Caffeine in Coke Vs. Coffee

Consider the amount of caffeine in Coke vs. coffee — which has more? Coffee has significantly more caffeine than Coca-Cola, but research shows that coffee contains several health benefits as well.

Coffee has significantly more caffeine than Coca-Cola, and research shows that coffee contains several health benefits as well. Credit: Visit Roemvanitch/iStock/GettyImages

Caffeine in Coke vs. Coffee

Maybe you're among the millions of people who start the day with a cup of joe, or do you prefer a cool can of Coca-Cola for a midday boost? Either way, you're getting a dose of caffeine, a stimulant, which, according to MedlinePlus, is bitter and can occur naturally — such as in coffee beans — or can be man-made.

Both contain caffeine, yet the amount differs considerably. According to MedlinePlus, while an 8-ounce cup of coffee contains 95 to 200 milligrams of caffeine, a 12-ounce can of Coca-Cola contains 35 to 45 milligrams of caffeine. In other words, coffee contains three to four times more caffeine than Coca-Cola.

According to the Coca-Cola product website, Diet Coke contains more caffeine than regular Coke, at 46 milligrams per 12-ounce can. To compare: An 8-ounce energy drink generally contains about 70 to 100 milligrams of caffeine. As for caffeine in coffee vs. tea: an 8-ounce cup of tea generally contains 14 to 60 milligrams, says MedlinePlus.

Read more: Long-Term Effects of Caffeine

Effects of Too Much Caffeine

If you're a regular caffeine consumer, keep in mind that there is such a thing as too much caffeine. How much is too much? According to Mayo Clinic, you should limit your caffeine intake to 400 milligrams a day. That could be a few cups of coffee, eight to 10 cans of Coke or about two energy shots.

Moreover, Mayo Clinic warns that children, people who take certain medications or people who are sensitive to its effects, should avoid caffeine. Women who are pregnant or breastfeeding should talk to their doctor about limiting their caffeine consumption.

Mayo Clinic also points out that too much caffeine can induce side effects, such as insomnia, migraine headache, muscle tremors, frequent urination, irritability and restlessness, upset stomach and more. Those who don't drink caffeine regularly may be more susceptible to its effects.

A May 2017 review in Frontiers in Psychiatry confirms the negative effects of caffeine when taken in a high dose, especially in certain populations, such as children, pregnant women and individuals with mental illness. Certain trends, such as alcohol-mixed energy drinks may also heighten the risk of harm.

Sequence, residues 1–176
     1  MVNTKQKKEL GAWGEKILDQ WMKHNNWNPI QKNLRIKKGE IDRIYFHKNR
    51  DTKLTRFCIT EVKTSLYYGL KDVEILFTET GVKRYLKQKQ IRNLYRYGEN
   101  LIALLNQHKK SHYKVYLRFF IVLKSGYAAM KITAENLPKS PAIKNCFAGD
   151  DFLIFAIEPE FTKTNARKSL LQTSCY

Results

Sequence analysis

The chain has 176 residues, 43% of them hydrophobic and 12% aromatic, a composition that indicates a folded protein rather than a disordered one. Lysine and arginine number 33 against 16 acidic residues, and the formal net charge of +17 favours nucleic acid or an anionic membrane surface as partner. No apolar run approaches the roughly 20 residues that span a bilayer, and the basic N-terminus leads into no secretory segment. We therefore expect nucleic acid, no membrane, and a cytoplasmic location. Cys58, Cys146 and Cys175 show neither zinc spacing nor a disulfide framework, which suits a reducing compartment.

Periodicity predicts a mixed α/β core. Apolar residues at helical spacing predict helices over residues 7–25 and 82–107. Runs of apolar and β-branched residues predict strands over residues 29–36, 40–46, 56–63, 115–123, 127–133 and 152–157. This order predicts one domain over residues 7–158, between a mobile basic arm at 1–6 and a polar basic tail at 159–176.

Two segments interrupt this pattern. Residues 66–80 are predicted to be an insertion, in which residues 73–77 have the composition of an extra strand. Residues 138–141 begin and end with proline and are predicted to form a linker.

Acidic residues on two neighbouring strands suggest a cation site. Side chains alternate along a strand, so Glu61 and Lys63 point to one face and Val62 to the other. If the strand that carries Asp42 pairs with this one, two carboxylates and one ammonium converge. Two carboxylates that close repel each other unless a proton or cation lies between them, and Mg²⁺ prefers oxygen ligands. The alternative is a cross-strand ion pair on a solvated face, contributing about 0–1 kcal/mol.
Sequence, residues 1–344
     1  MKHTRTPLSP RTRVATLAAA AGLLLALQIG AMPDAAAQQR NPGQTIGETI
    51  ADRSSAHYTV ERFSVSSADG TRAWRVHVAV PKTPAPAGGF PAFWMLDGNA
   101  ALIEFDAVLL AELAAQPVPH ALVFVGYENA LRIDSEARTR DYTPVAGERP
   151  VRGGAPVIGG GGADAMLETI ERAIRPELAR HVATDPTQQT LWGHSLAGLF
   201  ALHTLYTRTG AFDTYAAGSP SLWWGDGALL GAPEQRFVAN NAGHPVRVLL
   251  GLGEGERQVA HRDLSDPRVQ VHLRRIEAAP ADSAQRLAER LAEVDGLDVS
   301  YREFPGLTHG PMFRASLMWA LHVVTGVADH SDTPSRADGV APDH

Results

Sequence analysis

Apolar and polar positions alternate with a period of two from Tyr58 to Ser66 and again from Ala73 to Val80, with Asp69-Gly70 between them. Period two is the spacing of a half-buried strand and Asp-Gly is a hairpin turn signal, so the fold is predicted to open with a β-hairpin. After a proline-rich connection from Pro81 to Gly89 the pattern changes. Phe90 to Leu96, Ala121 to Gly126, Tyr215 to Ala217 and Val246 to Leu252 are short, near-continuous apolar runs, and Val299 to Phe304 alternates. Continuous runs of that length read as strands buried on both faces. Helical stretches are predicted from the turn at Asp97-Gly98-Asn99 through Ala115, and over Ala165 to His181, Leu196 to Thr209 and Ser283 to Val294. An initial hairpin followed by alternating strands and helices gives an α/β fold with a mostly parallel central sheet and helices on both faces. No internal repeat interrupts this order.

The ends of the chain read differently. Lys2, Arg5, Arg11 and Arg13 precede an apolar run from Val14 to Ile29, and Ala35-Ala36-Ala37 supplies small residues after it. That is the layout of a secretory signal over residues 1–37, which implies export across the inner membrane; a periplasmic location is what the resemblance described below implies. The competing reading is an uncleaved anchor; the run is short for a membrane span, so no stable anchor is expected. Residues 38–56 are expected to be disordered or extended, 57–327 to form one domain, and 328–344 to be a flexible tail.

Read more: What Really Happens to Your Body When You Have Caffeine

Coffee vs. Soda

When it comes to caffeine in coffee vs. soda, the difference is apparent. But what about their differences beyond caffeine content? Unlike soda, which contains hardly any benefits, coffee touts a few advantages. In a November 2015 study in Circulation, it was found that coffee was associated with lower risk of mortality.

And according to Harvard Health Publishing, other research has found coffee drinkers may have reduced risk of Parkinson's disease, type 2 diabetes, cirrhosis, gout and cardiovascular disease. That said, there's also been research linking coffee and certain health issues, such as certain types of cancers, though most of that research is outdated or pertains to very high doses of coffee.

Sodas, such as Coca-Cola, on the other hand, lack health benefits. According to Harvard School of Public Health, sugary drinks are full of calories and generally don't contain any nutrients. On average, a can of soda contains about 150 calories, mostly from added sugar. Regularly consuming Coke, could not only lead to weight gain, but also to type 2 diabetes, heart disease, as well as other chronic diseases.

references
Load Comments
PARTNER & LICENSEE OF THE LIVESTRONG FOUNDATION

Copyright © 2019 Leaf Group Ltd. Use of this web site constitutes acceptance of the LIVESTRONG.COM Terms of Use , Privacy Policy and Copyright Policy . The material appearing on LIVESTRONG.COM is for educational use only. It should not be used as a substitute for professional medical advice, diagnosis or treatment. LIVESTRONG is a registered trademark of the LIVESTRONG Foundation. The LIVESTRONG Foundation and LIVESTRONG.COM do not endorse any of the products or services that are advertised on the web site. Moreover, we do not select every advertiser or advertisement that appears on the web site-many of the advertisements are served by third party advertising companies.